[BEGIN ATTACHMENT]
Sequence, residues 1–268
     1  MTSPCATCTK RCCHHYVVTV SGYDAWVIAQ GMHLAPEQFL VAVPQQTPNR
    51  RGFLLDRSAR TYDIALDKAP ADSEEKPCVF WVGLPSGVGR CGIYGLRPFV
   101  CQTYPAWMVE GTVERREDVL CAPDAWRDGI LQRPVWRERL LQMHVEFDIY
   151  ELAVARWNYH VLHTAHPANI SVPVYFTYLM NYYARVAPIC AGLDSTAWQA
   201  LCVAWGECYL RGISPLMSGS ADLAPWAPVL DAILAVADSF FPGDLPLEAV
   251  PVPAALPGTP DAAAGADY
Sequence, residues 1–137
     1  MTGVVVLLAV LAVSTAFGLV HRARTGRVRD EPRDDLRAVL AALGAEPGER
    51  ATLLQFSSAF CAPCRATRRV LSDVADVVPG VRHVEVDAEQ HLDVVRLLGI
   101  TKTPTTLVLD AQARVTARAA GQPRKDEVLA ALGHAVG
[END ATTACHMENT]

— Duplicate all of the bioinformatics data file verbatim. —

Sequence, residues 1–268
     1  MTSPCATCTK RCCHHYVVTV SGYDAWVIAQ GMHLAPEQFL VAVPQQTPNR
    51  RGFLLDRSAR TYDIALDKAP ADSEEKPCVF WVGLPSGVGR CGIYGLRPFV
   101  CQTYPAWMVE GTVERREDVL CAPDAWRDGI LQRPVWRERL LQMHVEFDIY
   151  ELAVARWNYH VLHTAHPANI SVPVYFTYLM NYYARVAPIC AGLDSTAWQA
   201  LCVAWGECYL RGISPLMSGS ADLAPWAPVL DAILAVADSF FPGDLPLEAV
   251  PVPAALPGTP DAAAGADY
Sequence, residues 1–137
     1  MTGVVVLLAV LAVSTAFGLV HRARTGRVRD EPRDDLRAVL AALGAEPGER
    51  ATLLQFSSAF CAPCRATRRV LSDVADVVPG VRHVEVDAEQ HLDVVRLLGI
   101  TKTPTTLVLD AQARVTARAA GQPRKDEVLA ALGHAVG